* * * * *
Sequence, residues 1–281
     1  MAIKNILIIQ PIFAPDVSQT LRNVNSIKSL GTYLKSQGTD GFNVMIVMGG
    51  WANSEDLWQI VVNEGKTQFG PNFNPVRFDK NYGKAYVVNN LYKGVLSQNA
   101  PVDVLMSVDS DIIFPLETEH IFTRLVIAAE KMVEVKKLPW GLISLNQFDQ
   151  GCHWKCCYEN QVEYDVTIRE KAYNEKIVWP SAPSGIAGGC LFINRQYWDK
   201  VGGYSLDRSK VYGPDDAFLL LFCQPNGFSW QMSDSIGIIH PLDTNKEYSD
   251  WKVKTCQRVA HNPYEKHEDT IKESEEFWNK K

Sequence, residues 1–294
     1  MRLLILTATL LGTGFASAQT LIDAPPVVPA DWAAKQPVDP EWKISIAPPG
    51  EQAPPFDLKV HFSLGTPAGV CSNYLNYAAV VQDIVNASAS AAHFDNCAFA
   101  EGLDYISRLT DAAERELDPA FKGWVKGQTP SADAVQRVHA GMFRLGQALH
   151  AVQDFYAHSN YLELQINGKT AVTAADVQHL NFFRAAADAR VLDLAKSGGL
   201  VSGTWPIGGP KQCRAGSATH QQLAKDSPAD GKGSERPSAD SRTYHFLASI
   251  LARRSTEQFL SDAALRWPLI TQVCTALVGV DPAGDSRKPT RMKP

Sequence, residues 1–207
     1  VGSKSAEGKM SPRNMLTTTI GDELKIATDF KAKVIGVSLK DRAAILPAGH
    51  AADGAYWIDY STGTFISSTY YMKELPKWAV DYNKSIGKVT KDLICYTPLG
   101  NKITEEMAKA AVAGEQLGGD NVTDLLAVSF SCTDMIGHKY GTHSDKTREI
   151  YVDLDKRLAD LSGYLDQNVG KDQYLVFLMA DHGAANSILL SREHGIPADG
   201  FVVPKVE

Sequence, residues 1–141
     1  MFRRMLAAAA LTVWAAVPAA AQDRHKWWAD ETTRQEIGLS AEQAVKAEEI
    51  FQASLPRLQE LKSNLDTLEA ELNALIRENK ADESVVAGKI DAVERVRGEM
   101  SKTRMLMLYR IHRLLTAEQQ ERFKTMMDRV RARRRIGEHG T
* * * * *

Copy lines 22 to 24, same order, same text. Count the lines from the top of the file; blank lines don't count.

     1  MFRRMLAAAA LTVWAAVPAA AQDRHKWWAD ETTRQEIGLS AEQAVKAEEI
    51  FQASLPRLQE LKSNLDTLEA ELNALIRENK ADESVVAGKI DAVERVRGEM
   101  SKTRMLMLYR IHRLLTAEQQ ERFKTMMDRV RARRRIGEHG T